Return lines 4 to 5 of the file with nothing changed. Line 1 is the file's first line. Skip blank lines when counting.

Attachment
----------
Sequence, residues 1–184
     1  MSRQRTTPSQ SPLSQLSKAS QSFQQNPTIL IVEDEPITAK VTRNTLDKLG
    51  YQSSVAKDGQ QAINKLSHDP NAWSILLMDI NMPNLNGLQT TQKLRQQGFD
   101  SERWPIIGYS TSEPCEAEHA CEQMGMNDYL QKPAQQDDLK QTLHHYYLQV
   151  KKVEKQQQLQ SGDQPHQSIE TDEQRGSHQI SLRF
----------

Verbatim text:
   101  SERWPIIGYS TSEPCEAEHA CEQMGMNDYL QKPAQQDDLK QTLHHYYLQV
   151  KKVEKQQQLQ SGDQPHQSIE TDEQRGSHQI SLRF